World Cup

Reminiscing about St. Kilda CC’s most famous son

Stephen Wain. Photo: Shreedutta Chidananda

Stephen Wain. Photo: Shreedutta Chidananda

In the October of 2016, the St. Kilda Cricket Club will turn 160. A ceremony has been planned at the town-hall next year. The mayor will be there, as will the actor Eric Bana (of Lone Survivor and Munich), who was born and raised nearby. They’re also hoping, though, that St. Kilda Cricket Club’s most famous son, will be there that evening.

“I saw him play very early games here,” recollects Stephen Wain, the long-serving Administration Manager of St. Kilda Cricket Club.

“I saw him play in third and fourth grade sides here and build his way through.”

Shane Warne started out as a batsman, Wain reveals. “He was just a young kid who came down as a batter. He was probably 16 or 17 then and he lived in Black Rock, a suburb down on the bay. Andrew Lynch, who was a former Premiership player here and is now a selector at Cricket Victoria, was the sports master at Mentone Grammar. He contacted us and said we’ve got this kid who fancies himself as a batsman.”

Warne made his Sheffield Shield debut at the Junction Oval in February 1991, finishing with match figures of one for 102. “He was a pretty handy batsman from memory,” says Wain, who has worked at St. Kilda for the last 33 years. “He wasn’t anything great, but he could play, could bat. He just worked on the development of his leg-spin and turned out to be one of the great ones.”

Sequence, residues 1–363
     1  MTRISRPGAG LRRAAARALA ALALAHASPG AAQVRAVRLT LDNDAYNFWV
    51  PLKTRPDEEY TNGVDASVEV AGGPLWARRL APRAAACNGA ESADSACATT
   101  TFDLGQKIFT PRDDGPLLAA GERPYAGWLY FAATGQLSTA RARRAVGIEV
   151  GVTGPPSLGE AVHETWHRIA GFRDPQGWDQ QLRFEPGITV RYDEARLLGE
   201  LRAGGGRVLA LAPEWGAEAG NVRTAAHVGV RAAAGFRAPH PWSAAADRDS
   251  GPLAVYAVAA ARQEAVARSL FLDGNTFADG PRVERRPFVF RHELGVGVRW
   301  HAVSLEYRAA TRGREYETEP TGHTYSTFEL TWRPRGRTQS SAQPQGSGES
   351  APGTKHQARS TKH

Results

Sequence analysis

Wain chuckles when asked if Warne was tubby back then. “Yeah, he was. I hope he doesn’t mind me saying that. He was a bit of a cheeky bugger. He liked to have a laugh. He fitted in very well here from a young age.”

Warne was at the Oval two weeks ago, Wain recollects, showing a British film crew around his old club. “He drops in once in a while. I think he played probably 50 club games at senior (first grade) level. He wanted to play club cricket when he could but once he got picked up by Victoria and then Australia, it was very seldom that we got him back.

“He did play in a Victoria Premiership game here in 1991-92. He bowled 45 overs; he didn’t have great figures but we won the match. We even won the Premiership that year. That was the most important thing.”

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Printable version | May 24, 2022 3:41:58 pm |